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The indescribable weirdness of Splatoon

If we’re actually postmodern, the main way we think about art is pastiche. Fredric Jameson put this rather famously in his despondent diagnosis of our so-called “postmodern condition,” Postmodernism: Or, the Cultural Logic of Late Capitalism.

What do we mean by pastiche? It’s that fuzzy juncture where collage, imitation, bricolage, and parody meet. Think about it this way: We have decadent media diets, so everything we receive and everything we create gets filtered through and built with pieces of our unnumbered old readings, watchings, listenings. How do you describe a new game to a friend? With other games. There are the easy ones: “It’s like every other Assassin’s Creed, but in Victorian England.” Or, for the more challenging ones, we have recourse to similes: “It’s like a first-person Civ V with a soundtrack like Mega-Man 2 but drawn in the cel-shaded style of Windwaker.” (To my knowledge, this does not actually describe any game, though, if it did, I would play it immediately.)

How do you describe a new game to a friend? 

All this to say that, when an oddity like Splatoon comes into the world and defiantly refuses to settle into genre conventions, we start out trying to understand it as pastiche. I’m going to begin this review by doing just that. But then I want to suggest that this approach is unfair at best, and, at worst, abridges our understanding of the game. What do we lose when we see new work not as free-standing, but as a set of dependencies, never more than the sum of an unlikely set of parts? Splatoon is an object-lesson in answering that question.

So, what is Splatoon? You might start off by telling your friend, “It’s a third-person action game where you run around, take cover, and shoot stuff,” implying Gears of War, Spec Ops: The Line, or Resident Evil 5 as touchstones. But then you think about it for a second: “It’s not exactly a shooter in that hot-lead-and-chainsaw-guns sense—you’re shooting paint. And you don’t even run that much; you spend a lot of time swimming through ink as a squid, which, I guess, mechanically, is like sprinting with a piece of cover or an invisibility cloak or a Crysis suit, though not quite any of those.” And then it gets more complicated since, more often than not, you’re not shooting to kill (though you do occasionally pop other characters back to a respawn point): You’re shooting to control territory. But it’s not even the Team Fortress 2 or Halo-style capture the flag territory you wrangle by standing in a special spot until a timer pops. Instead, you point out to your friend that it’s like de Blob (“Did you play de Blob?”): You try to paint over as much of the ground as you can, but “I guess actually that’s only in multiplayer—the campaign’s totally different—and, strategically, I mean, it’s the outcome of a whole different set of decisions. Now that I think about it, the single-player has a lot more light puzzle elements, kind of like Metroid Prime, but, yeah, it’s third-person, so it’s not quite the same.” Here, your friend toes the ground and nods patiently.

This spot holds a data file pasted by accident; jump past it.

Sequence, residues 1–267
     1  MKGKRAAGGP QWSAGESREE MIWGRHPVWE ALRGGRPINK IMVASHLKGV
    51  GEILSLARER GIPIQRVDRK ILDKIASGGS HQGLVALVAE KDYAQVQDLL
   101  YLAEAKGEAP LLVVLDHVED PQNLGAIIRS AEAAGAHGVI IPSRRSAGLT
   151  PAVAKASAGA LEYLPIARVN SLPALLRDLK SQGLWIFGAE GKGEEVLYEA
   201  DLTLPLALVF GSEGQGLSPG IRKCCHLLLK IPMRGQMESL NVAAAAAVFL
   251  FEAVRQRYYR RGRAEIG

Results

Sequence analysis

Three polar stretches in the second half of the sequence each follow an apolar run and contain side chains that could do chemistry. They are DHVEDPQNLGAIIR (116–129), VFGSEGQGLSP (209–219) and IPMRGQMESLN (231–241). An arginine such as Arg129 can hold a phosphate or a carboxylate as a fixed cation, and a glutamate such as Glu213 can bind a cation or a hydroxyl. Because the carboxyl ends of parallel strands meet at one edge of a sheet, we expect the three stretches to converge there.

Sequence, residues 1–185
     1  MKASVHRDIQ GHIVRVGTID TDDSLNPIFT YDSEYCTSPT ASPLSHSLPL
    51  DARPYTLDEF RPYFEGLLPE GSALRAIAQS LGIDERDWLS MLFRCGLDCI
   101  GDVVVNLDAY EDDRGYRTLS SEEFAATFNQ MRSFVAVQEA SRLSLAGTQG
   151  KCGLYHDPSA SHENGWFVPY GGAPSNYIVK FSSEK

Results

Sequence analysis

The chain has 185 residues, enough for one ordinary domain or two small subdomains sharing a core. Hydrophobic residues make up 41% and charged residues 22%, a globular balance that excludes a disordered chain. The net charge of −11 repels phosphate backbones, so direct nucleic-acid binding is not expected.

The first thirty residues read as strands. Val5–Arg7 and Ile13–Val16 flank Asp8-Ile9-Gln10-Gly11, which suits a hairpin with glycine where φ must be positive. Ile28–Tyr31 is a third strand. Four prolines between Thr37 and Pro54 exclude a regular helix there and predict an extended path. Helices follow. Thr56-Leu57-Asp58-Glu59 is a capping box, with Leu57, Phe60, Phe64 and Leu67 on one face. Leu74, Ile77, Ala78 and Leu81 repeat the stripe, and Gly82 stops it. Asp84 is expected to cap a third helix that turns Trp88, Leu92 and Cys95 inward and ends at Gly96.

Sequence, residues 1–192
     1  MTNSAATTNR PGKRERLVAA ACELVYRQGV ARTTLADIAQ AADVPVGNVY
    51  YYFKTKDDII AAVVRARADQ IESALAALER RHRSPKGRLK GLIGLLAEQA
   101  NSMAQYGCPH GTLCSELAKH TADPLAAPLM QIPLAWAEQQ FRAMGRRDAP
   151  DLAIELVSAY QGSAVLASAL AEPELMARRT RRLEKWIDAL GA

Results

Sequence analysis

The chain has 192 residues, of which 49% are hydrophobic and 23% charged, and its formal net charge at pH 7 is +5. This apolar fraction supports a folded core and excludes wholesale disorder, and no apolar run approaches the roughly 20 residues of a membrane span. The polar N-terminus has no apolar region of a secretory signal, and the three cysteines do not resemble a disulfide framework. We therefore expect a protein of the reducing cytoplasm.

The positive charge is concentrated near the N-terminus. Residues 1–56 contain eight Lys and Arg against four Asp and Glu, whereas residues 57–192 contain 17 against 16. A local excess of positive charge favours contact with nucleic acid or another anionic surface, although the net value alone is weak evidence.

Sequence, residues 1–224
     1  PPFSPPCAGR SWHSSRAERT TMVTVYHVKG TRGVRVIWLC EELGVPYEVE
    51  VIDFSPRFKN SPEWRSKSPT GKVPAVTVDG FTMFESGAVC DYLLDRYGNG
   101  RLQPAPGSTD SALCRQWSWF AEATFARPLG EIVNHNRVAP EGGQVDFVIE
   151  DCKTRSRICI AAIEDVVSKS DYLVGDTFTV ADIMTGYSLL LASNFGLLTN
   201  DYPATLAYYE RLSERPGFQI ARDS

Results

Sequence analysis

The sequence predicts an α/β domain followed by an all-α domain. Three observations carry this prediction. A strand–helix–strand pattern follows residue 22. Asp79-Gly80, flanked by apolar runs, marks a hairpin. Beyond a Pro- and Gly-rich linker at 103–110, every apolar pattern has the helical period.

Visually, Splatoon makes use of an ardently, earnestly ‘90s Gak aesthetic, while kneading in a strange mix of Space Channel 5 and Super Mario Galaxy. (“And squids. Did I mention that you’re humanoid but also a squid?”) Tonally, it’s campy and overwrought: it feels like you’re reading chat transcripts between Mr. Orange from Okami, Lissa’s most unselfconsciously kawaii moments in Fire Emblem Awakening, and Donatello and Leonardo’s verbal alley-oops from Teenage Mutant Ninja Turtles (“Only imagine if you replace all those turtle puns with squid puns, and instead of ‘cowabunga’ you just say ‘chill’ all the time.”) Then you just frankenstein all this together around an old-school stolen princess-type videogame ur-narrative, and voila: Splatoon.

Then comes the moment when you learn how long ago your friend stopped paying attention: “Cool,” they say.

adamantly none of those things individually, nor the sum of their parts 

Here we see the problem with pastiche: There’s almost no one for whom this description makes good sense except the person explaining it. And, even if someone happened to have had or seen or played all of the things I just clumped together to try to paint (sorry) a picture of Splatoon, it wouldn’t even get close because Splatoon is also adamantly none of those things individually, nor the sum of their parts.

The reason why I’ve developed such an immense respect for Splatoon is that it’s a huge risk that scarcely comes off as risky. It works with numerous different gameplay vocabularies and assumptions—all those I name-checked above and more—yet brings them together in a way that makes you feel good about being thrown off-balance. We might be able to see it as a pastiche of gameplay conventions (in the same way that everything written after, say, The Epic of Gilgamesh is also a pastiche of past forms), but I think that’s too reductive.

Instead of pastiche, I want to propose a new direction: The sample is probably the best metaphor we have for borrowing directly from the old in order to make the new. Think about Jazz Rap: You take an Art Blakey sample in 5/4, shoehorn it into 4/4,  slap a disco beat behind it, and put Q-Tip on the mic. It’s not jazz. It’s not funk. It’s not disco. It’s not rap. “Jazz Rap” really even comes up short on acknowledging the form’s debts. That’s the kind of work Splatoon is doing: borrowing ingredients from numerous different recipes, throwing them into a pot together, and stirring until they stop feeling like separate ideas and begin to become unitary.

Splatoon, then, makes me optimistic about what games can do not with pastiche or duplication-as-serialization, but with sampling. We don’t have a genre convention to slot Splatoon into, and that’s a rare and wonderful thing.